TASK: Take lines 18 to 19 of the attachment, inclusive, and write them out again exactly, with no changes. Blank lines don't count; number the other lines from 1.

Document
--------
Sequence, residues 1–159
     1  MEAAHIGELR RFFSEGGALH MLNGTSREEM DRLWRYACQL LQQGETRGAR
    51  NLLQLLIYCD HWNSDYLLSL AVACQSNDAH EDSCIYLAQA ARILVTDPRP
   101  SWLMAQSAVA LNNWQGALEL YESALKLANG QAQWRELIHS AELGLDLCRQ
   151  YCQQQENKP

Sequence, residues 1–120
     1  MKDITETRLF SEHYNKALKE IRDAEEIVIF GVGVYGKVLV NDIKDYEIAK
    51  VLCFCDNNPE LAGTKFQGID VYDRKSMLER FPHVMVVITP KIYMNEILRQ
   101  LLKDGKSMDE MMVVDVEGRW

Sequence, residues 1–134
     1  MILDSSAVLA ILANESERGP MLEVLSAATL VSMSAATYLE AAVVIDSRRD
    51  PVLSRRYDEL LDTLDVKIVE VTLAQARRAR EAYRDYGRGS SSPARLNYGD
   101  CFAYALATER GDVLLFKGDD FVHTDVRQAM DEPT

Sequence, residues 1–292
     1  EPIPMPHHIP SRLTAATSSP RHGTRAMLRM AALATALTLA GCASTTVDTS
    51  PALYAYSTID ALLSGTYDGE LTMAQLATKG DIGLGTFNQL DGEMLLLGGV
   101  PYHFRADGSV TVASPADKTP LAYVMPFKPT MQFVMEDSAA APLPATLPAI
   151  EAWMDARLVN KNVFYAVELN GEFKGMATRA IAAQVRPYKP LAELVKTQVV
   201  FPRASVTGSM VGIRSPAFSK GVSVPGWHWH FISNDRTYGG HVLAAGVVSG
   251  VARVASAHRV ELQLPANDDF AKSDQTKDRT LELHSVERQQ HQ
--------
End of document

   151  EAWMDARLVN KNVFYAVELN GEFKGMATRA IAAQVRPYKP LAELVKTQVV
   201  FPRASVTGSM VGIRSPAFSK GVSVPGWHWH FISNDRTYGG HVLAAGVVSG